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How to guard against seasonal affective disorder in the pandemic's winter months

October 14, 2020. Summarized by summa-bot.

Seasonal affective disorder appears in about 5% of the US population during winter months. With social distancing amid the pandemic, this form of depression could hit harder this year. Here's how to prep in order to reduce SAD symptoms.

Seasonal affective disorder could hit particularly hard this year, especially after months of social distancing and limited contact with family or large groups.

"Our emotional winter is coming," said Jaime Blandino, a clinical psychologist and cofounder of Thrive Center for Psychological Health in Decatur, Georgia.

Seasonal affective disorder, also known by its apt acronym, SAD, is a form of depression that some people get for a few months each year, most commonly during the late fall and winter months, as the days shorten.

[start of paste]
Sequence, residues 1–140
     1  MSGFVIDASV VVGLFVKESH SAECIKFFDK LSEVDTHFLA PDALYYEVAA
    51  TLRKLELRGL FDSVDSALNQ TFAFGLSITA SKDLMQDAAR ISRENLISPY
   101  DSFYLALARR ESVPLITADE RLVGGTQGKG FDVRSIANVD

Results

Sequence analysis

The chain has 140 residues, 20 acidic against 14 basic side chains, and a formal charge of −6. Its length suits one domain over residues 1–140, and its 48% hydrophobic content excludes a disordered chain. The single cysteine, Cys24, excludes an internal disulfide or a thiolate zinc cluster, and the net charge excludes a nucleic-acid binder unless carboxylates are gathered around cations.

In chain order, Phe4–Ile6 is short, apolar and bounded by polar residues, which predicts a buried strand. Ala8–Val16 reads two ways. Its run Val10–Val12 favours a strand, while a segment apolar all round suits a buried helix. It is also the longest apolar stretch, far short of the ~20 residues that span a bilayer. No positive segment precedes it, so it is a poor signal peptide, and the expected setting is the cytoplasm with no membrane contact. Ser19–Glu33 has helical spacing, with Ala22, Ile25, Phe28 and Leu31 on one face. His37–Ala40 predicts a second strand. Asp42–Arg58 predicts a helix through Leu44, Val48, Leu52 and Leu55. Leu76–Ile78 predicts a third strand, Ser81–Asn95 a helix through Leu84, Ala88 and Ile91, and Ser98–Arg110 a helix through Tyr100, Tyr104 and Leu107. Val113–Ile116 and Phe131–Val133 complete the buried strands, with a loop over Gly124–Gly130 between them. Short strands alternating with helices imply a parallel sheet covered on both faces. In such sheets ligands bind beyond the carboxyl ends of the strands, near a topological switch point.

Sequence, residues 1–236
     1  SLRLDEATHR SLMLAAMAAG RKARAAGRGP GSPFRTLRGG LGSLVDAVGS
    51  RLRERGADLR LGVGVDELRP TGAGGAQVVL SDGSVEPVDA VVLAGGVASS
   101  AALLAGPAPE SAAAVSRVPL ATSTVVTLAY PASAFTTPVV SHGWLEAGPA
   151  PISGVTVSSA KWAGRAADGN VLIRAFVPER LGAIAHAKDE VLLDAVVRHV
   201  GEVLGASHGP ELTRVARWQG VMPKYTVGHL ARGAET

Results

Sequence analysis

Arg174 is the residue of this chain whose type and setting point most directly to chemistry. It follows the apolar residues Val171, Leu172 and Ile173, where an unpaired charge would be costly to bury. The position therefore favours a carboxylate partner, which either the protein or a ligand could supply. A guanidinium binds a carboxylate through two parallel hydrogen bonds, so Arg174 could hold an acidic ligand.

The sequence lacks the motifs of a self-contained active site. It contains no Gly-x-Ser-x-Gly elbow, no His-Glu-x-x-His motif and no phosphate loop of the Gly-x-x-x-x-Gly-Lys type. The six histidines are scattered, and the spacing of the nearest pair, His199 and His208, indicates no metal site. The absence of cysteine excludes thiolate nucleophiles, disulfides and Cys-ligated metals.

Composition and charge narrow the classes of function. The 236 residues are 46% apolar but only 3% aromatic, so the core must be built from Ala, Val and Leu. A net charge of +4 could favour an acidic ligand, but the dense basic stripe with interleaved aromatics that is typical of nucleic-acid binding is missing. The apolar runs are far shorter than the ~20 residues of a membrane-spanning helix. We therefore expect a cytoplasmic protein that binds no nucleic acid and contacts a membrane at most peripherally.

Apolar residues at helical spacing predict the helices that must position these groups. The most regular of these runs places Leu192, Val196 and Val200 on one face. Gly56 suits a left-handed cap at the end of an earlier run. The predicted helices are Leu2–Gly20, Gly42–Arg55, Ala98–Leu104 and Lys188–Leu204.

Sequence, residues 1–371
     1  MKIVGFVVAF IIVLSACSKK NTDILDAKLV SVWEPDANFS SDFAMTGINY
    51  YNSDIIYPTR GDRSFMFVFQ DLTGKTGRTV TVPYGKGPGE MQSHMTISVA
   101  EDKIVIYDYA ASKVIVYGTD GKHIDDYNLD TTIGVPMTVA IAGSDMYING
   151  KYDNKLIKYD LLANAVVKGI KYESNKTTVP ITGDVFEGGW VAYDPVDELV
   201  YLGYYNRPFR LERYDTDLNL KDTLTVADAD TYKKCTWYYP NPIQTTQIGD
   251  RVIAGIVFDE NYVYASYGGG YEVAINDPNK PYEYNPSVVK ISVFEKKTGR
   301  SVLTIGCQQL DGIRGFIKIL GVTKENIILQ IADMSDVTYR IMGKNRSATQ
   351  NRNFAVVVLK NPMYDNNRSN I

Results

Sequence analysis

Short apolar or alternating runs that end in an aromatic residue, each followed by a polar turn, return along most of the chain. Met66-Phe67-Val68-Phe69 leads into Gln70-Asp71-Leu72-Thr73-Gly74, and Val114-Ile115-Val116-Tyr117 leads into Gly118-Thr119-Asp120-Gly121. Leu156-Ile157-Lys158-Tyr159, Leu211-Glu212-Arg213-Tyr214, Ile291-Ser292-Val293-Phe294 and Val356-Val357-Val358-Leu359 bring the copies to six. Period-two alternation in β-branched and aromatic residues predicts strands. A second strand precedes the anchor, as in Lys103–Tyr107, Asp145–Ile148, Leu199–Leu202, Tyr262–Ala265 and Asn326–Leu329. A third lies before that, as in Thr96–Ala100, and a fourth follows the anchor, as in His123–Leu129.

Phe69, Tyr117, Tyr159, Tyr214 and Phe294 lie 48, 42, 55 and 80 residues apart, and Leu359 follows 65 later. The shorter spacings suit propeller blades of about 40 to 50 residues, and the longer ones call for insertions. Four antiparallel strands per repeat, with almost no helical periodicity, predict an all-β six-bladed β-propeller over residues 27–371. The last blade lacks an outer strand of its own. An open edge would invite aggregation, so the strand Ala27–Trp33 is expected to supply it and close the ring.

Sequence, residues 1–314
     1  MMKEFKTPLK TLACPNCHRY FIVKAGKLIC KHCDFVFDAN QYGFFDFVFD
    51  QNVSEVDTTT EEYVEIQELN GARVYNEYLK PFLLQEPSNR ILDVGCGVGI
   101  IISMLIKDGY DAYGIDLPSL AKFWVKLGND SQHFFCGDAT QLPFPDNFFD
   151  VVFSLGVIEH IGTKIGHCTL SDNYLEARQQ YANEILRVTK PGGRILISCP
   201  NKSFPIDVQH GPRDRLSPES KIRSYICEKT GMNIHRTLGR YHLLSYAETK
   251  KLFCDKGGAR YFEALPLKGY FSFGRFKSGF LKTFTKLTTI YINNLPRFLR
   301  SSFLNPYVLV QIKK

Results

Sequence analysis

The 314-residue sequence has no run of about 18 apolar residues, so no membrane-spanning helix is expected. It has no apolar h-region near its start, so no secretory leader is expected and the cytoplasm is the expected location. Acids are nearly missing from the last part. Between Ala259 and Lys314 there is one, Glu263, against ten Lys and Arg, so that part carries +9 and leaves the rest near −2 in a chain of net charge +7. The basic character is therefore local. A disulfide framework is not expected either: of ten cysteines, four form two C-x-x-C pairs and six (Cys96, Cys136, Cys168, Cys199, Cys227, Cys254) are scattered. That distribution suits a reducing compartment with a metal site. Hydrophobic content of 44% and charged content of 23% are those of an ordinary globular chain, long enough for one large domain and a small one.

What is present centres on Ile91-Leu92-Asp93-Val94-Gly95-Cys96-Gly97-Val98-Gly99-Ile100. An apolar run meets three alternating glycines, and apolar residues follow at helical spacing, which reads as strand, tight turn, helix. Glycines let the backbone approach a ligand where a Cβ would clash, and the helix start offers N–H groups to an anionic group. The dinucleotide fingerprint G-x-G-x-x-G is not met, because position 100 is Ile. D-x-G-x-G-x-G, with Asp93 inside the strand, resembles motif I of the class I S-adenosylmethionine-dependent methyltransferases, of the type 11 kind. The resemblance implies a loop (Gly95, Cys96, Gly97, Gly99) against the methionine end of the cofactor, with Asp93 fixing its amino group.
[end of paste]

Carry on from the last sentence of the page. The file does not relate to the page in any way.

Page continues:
"I think we can expect a surge in seasonal affective disorder this year," Blandino said.

"Seasonal affective disorder could be worse this year given how much we've relied on the outside as this sort of respite," said Vaile Wright, the APA's senior director of health care innovation.

To receive a SAD diagnosis, individuals need to have episodes of major depression that coincide with a specific seasons for at least two years, according to the National Institute of Mental Health.

"There's also a clinically anecdotal risk factor which is just 'how have you been doing?'" Blandino said, noting that the pandemic has affected the emotional state of many who haven't usually needed to worry about their mental health.

"Give yourself something to eat for times when you don't feel like doing anything," Blandino said.

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